The spoken poetry of The Vast Rocks roots this first piece firmly in rural Devon, but it’s hard to see quite where choreographer Richard Chappell is going. With his rolled up shirt and bare feet, the artist carves a rustic figure as he enters the stage to observe two dancers responding to his verse. Under Aaron Martin’s sound design, which imaginatively incorporates birdsong, chiming, and something like crushed Quavers, Chappell gazes, wistfully, at the duet playing out in front of his hay-bale bench. Despite the dancers’ perennial effort, this contemporary form is a clumsy match for the pastoral setting. More D. H. Lawrence than Wordsworth, this roll in the hay shoots for Romance, but resorts to romp.
Soloist Jodie Cole is certainly more explicit when it comes to discussing what two bodies can do. Part stand-up, part interpretive dance, part fake orgasm, I Am Not In Love collides processed anecdote with unvarnished movement to give a compelling, if not altogether accomplished, coming of age story. At points Cole looks at the mercy of her own choreography, liable to be carried away by her outstretched arms. A solitary tango underlines a certain loneliness, and a cradle led by jilting hips, not arms, hints at maternal failing. In the final moments, which see Cole lying on her back peddling an invisible bike, it’s easy to see where this artist is going – we just need more time see how she got there.
Concluding a piece with a woman’s legs in the air seems to be the theme of the night as, in an echo that can only be coincidental, M.E.N drives towards the same conclusion. For all the suggestion of their name, there’s something rather tepid about this homogeneous, all-female, eight-piece outfit. For Tomorrow We Die has its cute moments, but if more equality is needed, solutions are unlikely to be found while watching eight robe-clad caricatures Charleston to the beat of a court shoe.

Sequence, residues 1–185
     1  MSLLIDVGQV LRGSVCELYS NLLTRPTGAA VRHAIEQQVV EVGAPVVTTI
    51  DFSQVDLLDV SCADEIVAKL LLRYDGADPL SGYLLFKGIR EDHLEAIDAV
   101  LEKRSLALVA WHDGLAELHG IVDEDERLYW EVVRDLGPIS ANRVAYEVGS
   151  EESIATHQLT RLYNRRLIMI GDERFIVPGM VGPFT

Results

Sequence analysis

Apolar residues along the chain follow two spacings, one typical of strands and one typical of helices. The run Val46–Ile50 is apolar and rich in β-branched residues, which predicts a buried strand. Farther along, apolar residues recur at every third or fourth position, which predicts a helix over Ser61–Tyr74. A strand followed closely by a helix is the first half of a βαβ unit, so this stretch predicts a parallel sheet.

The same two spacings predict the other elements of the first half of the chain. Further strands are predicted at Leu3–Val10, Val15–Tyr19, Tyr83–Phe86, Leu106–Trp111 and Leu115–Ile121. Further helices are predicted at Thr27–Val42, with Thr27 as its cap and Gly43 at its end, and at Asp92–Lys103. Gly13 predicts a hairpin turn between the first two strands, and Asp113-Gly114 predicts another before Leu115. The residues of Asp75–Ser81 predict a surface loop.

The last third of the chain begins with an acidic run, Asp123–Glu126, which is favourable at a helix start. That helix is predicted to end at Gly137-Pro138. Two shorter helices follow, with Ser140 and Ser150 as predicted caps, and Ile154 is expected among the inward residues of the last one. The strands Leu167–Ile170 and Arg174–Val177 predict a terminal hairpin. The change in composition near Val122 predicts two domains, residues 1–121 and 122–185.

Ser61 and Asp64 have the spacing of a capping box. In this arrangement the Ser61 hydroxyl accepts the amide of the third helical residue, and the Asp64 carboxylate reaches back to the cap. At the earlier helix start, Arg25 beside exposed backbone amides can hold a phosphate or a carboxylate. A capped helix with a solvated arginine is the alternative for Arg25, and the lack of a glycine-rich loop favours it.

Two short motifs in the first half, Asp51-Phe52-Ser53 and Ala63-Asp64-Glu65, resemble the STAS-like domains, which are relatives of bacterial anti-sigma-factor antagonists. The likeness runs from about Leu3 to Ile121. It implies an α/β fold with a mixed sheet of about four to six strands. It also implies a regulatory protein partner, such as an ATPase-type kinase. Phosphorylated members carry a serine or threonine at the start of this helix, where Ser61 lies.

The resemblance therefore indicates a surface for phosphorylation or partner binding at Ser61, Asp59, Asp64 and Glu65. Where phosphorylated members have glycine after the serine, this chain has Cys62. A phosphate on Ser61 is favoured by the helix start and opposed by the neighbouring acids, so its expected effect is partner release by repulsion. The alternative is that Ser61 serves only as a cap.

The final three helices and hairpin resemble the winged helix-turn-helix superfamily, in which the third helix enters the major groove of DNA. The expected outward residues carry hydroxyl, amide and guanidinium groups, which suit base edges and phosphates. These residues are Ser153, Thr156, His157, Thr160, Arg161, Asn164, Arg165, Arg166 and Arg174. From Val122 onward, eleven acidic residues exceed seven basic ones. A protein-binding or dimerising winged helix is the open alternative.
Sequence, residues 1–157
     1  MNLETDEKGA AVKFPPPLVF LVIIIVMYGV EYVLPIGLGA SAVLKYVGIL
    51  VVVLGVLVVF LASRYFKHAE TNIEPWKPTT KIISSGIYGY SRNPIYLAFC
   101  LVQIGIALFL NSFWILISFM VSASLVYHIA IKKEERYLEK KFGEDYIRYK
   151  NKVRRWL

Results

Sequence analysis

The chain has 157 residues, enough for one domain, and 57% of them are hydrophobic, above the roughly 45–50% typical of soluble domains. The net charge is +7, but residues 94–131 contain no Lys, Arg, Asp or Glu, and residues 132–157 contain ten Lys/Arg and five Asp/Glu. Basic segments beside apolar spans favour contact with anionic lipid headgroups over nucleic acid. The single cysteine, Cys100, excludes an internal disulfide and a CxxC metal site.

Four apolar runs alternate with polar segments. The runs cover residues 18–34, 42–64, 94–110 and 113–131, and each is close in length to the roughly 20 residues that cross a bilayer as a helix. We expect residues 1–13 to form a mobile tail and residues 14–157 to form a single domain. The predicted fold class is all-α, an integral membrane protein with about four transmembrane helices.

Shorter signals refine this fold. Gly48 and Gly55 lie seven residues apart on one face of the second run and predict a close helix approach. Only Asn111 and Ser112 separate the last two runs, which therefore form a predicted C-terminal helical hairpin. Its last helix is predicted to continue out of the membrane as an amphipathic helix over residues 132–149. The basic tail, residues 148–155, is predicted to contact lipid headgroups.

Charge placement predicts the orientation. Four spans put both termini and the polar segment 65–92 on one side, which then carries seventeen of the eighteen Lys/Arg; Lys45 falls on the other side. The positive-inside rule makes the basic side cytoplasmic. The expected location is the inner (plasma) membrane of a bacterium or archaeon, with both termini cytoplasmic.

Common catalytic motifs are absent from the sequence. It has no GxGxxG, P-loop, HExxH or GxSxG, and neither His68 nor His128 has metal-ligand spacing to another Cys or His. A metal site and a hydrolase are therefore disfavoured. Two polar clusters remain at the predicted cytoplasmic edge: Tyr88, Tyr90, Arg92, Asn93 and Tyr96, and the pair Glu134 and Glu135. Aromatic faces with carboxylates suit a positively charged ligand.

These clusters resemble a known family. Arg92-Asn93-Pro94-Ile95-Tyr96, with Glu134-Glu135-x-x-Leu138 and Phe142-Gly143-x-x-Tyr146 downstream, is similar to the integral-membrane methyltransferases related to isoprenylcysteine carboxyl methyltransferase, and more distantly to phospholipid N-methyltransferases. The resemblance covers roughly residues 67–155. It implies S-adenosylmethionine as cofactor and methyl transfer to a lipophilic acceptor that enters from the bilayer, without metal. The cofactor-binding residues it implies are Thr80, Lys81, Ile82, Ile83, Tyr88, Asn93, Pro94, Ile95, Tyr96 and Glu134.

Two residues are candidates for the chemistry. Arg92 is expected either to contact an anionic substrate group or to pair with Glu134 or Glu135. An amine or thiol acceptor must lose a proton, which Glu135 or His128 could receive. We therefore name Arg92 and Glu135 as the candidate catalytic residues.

Thursday’s Resolution came with an unusual allergy warning. Danger, hay on stage! As a bale was taken to pieces in The Vast Rocks, by Richard Chappell Dance, dust flew and my throat prickled. Who knew I was allergic? The piece, unfortunately, was less revelatory. Chappell intones fragments of poetry about the Devon landscape - “Nearby rise the rocks. As solid as the water is ephemeral.” Then dancers Jordan Ajadi and Olivia Roach, respond with duets that might suggest landscape – fluttering hands, rolling lifts that set softness against force – or need. By the close, they cling together in the strewn hay but the meaning of their actions is never entirely clear.
In Jodie Cole’s I Am Not in Love, on the other hand, meaning is perhaps too obvious. During this danced and spoken monologue about cycling and love she travels the well-trodden ground of unhappy families and thwarted romance. What makes the work surprisingly effective is her appealing personality and the way she finds simple movements that precisely evoke complicated emotion. She races across the stage with excitement at the freedom of running away with her mother; mimicking her distraught father, she jerks like a marionette; the upside down cycling of her legs conjures sadness as well as escape. It made me want to see more.
I’d like to see more too of M.E.N (More Equality Needed), eight women who trickle onto the stage looking like the cast of a 1940s Italian soap opera. In For Tomorrow We Die, they exhibit a range of fears and neuroses, but gradually come together in a perfectly synchronised Charleston. As their steps grow in confidence, they shed their clothes and raise their voices in a tribal rant of assertion – “A woman is a woman” – until the chorus line breaks down and they close in fearful uncertainty. The piece doesn’t get far enough, but I hope the creators will keep going. They’re intriguing.